-For each of the needs and pain points identified through research, evaluate if and how AI might create value for the service.

-Organizing a workshop with clients based on AI capabilities and limitations will facilitate technical communication and understanding and lower the possibility of disappointment between all stakeholders. Bring some tools to facilitate this workshop: Prompt Card Deck, Touchpoints cards, Unexpected Bug Cards, AI Empathy Map - all can help to guide the discussion.

-Go on evaluating the feasibility and necessity of the AI use for the service asking whether something simpler, like an algorithm for automation could be used, or if a human can perform this task with less or cheaper effort.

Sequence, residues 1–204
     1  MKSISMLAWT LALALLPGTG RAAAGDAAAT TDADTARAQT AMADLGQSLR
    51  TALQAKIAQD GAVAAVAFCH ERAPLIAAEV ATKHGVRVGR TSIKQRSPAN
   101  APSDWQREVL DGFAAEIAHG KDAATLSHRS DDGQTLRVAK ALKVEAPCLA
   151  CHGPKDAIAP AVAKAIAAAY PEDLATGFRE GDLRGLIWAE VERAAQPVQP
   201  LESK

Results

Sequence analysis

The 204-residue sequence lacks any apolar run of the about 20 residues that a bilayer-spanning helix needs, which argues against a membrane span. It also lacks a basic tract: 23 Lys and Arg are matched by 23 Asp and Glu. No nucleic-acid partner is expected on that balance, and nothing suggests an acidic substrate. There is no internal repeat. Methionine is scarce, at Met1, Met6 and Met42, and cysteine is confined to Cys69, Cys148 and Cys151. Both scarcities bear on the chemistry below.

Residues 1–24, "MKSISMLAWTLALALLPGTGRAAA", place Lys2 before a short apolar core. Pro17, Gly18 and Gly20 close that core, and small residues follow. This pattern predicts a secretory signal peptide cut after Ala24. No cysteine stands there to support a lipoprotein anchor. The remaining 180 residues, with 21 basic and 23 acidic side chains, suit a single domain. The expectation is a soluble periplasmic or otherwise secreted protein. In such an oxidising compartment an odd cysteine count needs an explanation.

Switch up your normal process

Building an AI solution is not quick & easy. It requires experts, time, effort with labeling, and, even when you have these, the model might not be accurate. The process of building AI is complex, and the methodology rarely involves user testing before implementation. Prototypes are launched with the expectation of improvement from real user feedback because of the challenge surrounding testing without the coded AI already in place.


-Be aware that launching the AI solution typically comes before user testing.

-Work with technical stakeholders to develop a strategy for user testing while AI-solution is not yet ready.